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Grant J. Gisondo, P.A. – Family Law Attorney

Time Sharing

Home > Time Sharing

Meaning of Continuity of a Stable, Satisfactory Environment Regarding Timesharing

Parental timesharing for minor children has, in most states, including Florida, replaced the practice of custody for minor children where there is a primary or residential parent and a secondary or nonresidential parent. Over the years of experience and research, it has been proven that children develop to their best potential when they are cared for and nurtured by both parents. Unfortunately, in perhaps the majority of families in the US, both parents are not together whether in marriage or a living arrangement. The practice of primary and secondary custody simply does not allow a child equal access to and...

Timesharing and Virtual Schooling during COVID

COVID continues to dominate the way our children are educated. In many states, Florida included, many schools are closed and those that can open do so on irregular schedules, sometimes children going half days or every other day. In addition to schools being closed or off a regular schedule, most school districts offer parents a choice whether to send their child to school or keep them home and do the schooling virtually. Most states offer several ways children can be schooled at home. All this being said, if parents are forced or decide to school their children from home, that fact...

Preparing for the Holiday Timesharing-Review

It’s hard to believe that another year, particularly such a difficult one, is fast approaching what is called the “holiday season.” These special times of celebration include Labor Day, Halloween, Thanksgiving, and Christmas. All these events are traditionally family-oriented, and children play a large part in the celebrations. All ages of children, young and old, usually participate, but those children under the age of l8 and those unable to provide for themselves due to physical or mental challenges, have a particularly important role to play. And, of course, it is not unusual for both parents to want to spend these...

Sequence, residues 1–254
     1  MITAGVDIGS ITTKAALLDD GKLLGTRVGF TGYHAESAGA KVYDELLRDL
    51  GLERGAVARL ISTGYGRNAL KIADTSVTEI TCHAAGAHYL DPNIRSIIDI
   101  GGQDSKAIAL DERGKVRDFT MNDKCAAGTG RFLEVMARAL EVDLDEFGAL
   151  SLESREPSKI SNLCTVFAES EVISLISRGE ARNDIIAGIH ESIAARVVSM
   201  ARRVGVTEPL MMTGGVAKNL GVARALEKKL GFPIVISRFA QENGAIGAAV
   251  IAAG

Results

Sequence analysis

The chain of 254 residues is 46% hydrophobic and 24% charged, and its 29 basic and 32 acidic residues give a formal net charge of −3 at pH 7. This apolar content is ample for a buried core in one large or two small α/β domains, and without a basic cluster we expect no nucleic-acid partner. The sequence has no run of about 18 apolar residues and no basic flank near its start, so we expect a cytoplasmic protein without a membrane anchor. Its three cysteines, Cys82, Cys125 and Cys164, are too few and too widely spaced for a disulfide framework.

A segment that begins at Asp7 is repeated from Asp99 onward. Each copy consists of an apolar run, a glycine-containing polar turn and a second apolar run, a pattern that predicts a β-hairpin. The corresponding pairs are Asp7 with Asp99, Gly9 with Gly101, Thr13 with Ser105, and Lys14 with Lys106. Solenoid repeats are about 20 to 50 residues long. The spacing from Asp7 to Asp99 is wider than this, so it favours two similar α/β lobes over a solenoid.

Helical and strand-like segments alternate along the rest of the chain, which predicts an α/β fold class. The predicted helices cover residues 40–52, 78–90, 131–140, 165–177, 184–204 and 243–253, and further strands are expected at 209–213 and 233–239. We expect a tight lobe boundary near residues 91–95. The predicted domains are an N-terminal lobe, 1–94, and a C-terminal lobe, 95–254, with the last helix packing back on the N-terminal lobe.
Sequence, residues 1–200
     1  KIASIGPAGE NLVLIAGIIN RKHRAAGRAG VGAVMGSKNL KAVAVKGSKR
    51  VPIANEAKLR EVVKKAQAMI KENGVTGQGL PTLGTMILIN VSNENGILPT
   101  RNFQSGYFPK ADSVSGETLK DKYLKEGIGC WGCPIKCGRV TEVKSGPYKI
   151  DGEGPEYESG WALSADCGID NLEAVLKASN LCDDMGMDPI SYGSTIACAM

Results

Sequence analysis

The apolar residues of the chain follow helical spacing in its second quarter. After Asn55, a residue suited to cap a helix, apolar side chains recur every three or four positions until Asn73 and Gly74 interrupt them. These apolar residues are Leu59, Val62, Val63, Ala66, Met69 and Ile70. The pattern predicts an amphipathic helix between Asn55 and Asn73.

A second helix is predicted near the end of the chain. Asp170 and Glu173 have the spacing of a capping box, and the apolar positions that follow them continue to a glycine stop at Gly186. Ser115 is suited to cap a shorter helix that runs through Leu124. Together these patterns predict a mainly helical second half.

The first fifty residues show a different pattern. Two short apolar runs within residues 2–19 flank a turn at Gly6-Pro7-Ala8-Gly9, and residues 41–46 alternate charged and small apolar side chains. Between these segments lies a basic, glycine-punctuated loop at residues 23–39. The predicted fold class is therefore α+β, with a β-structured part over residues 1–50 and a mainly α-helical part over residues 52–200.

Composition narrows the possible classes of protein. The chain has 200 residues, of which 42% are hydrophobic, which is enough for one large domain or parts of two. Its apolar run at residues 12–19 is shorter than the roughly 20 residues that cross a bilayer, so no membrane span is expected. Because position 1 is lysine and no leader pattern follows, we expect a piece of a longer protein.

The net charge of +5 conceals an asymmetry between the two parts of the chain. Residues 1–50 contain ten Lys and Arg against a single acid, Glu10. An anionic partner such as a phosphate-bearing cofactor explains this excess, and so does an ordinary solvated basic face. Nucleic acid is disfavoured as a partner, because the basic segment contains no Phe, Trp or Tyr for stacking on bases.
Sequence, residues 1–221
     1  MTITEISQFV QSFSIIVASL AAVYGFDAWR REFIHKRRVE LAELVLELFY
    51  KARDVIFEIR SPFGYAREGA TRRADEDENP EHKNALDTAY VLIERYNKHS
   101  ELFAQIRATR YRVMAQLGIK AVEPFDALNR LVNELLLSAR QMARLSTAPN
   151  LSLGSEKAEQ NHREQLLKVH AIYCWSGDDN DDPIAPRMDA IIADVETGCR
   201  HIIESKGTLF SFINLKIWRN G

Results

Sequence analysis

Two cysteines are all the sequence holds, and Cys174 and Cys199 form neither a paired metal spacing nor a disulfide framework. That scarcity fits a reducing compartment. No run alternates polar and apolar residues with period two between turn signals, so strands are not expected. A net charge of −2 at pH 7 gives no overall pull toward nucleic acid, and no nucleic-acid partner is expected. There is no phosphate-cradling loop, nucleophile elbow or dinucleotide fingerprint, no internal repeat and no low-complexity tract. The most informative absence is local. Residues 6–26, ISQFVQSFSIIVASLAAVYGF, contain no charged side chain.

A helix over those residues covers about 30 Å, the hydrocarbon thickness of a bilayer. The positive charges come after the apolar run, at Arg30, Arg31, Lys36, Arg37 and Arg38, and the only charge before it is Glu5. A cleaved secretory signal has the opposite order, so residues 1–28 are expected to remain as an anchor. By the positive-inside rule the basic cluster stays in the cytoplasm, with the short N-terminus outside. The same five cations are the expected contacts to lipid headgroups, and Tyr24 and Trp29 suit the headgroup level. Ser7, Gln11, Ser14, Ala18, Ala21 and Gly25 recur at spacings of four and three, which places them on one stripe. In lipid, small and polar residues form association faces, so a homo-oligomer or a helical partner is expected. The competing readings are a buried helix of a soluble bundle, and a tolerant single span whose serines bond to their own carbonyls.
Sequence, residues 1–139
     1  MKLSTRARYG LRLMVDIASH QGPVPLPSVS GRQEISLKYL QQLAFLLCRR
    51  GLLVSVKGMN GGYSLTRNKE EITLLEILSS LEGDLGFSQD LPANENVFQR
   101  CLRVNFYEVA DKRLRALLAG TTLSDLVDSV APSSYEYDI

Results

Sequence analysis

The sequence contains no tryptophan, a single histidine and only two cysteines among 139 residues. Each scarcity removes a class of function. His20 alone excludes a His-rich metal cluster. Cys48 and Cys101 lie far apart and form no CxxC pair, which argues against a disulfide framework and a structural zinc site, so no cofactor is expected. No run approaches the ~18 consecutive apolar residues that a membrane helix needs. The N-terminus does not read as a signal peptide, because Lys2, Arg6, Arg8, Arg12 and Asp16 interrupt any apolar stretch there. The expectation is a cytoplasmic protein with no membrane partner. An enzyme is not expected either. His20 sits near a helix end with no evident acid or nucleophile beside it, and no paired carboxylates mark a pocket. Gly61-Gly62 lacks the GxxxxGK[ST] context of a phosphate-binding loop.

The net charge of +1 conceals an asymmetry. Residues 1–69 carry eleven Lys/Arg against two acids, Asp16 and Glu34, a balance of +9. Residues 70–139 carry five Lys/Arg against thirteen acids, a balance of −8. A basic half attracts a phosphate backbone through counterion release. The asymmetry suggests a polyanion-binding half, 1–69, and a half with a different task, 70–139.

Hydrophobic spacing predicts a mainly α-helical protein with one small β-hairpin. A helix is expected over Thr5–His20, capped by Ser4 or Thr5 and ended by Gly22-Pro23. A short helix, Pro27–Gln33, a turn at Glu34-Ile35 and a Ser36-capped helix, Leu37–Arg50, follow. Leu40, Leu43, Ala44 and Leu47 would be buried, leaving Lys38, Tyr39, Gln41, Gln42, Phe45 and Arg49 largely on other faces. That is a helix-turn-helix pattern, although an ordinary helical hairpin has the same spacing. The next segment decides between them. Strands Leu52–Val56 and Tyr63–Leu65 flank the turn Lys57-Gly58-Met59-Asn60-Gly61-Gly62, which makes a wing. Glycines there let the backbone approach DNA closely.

Can We Settle the Case Without Attending Mediation?

For a direct answer to the question, “Can we settle the case without attending mediation?” the answer is “yes.” Mediation, according to The Free Dictionary by Farlex, is “a settlement of a dispute or controversy by setting up an independent person between two contending parties in order to aid them in the settlement of their disagreements” For example, mediation is used in Family Law for such cases as dissolution of marriage (divorce), child support, parental timesharing, parenting plan, and modification of alimony, child support, and parental timesharing and parenting plan. In fact, in some states such as Florida, mediation is...

If I Have Equal (50/50) Timesharing, Is Child Support Still Calculated?

Over the past few years, in most states, parental timesharing has taken the place of ordering primary and secondary custody for minor children. Minor children are children from birth to l8 years, and any child past that age who is mentally or physically unable to provide for themselves. Having both parents involved in the care and nurturing of their children has been proven to be highly beneficial to a child’s healthy development. And, the best arrangement is when an equal or 50/50 timesharing agreement is reached. But what about child support? Will there still be a need to calculate child support...